UK Decline How Many Times Term Paper

Download this Term Paper in word format (.doc)

Note: Sample below may appear distorted but all corresponding word document files contain proper formatting

Excerpt from Term Paper:



Carrabine, Lee and South 193)

Industrial/Infrastructural Decline

As has been said before, the UK no longer makes anything, builds anything or sells anything tangible. The decline in industrial production has resulted in an overall decline in employment of industrial workers, who have not been aided by a failing system to transition to other work.

Some would say that the changes occurring in the UK, at this time with the increased importance of service industry work and intelligence rather than physical labor employment is a natural byproduct of globalization and an evolutionary product of the next phase as a "developed" nation.

They evidence this by observing that all developed nations are leaning in this direction. Yet, the transition has not and will not be easy, whether it is normal or not, a point which remains to be proven.

Kocherlakota)

With the education system in the UK in serious need of reform to reflect the changing needs of the country, and her people there is little hope for this generation. Though some would say that education is a social issue the connection between education and industry has been highly honed throughout history in the western world. Compulsory education is a way not only to create better civic citizens but it is a way to bridge the gap between childhood and adulthood industry. Yet, the higher education system and the poor apprenticeship programs in the UK are not conforming as quickly as the industry is changing.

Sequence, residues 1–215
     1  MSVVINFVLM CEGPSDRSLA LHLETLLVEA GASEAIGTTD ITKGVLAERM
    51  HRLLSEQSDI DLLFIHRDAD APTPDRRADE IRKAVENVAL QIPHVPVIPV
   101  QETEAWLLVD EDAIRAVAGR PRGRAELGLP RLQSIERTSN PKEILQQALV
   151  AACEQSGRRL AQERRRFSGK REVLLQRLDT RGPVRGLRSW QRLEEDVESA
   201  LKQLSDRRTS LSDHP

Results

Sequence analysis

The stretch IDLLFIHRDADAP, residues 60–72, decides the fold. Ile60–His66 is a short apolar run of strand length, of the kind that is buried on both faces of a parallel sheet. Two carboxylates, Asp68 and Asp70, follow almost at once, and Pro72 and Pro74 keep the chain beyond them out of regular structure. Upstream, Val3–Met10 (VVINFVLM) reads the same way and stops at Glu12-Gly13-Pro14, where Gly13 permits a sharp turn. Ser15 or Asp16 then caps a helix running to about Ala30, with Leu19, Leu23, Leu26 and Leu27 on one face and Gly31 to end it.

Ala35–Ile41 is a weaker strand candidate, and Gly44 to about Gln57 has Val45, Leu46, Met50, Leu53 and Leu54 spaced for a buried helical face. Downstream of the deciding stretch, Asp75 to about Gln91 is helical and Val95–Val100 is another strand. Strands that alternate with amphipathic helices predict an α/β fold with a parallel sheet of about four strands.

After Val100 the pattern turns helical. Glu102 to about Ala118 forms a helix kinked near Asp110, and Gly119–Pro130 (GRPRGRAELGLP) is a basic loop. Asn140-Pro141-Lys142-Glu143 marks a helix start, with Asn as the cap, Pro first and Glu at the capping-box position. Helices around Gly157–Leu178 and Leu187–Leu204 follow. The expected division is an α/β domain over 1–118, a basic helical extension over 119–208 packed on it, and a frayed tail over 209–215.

Leathwood and Hayton) Which will in turn increase the unemployment rates, illicit behaviors and general unrest in the nation. There are several bullet points in the basis of this work that have been outlined below and they are:

Poor general education Standards, poor apprenticeship System

Manufacturing now only a small and decreasing part of GDP, with productivity below that of France, Germany,

Scandinavia despite longer working hours in UK

Lower Standards of worker protection and lower labour costs in UK are NOT leading to lower prices for British goods

Balance of payments - massive deficit and rising

North Sea oil production peaking

Poor infrastructure - railways, roads etc.

Poor long-term Investment over many years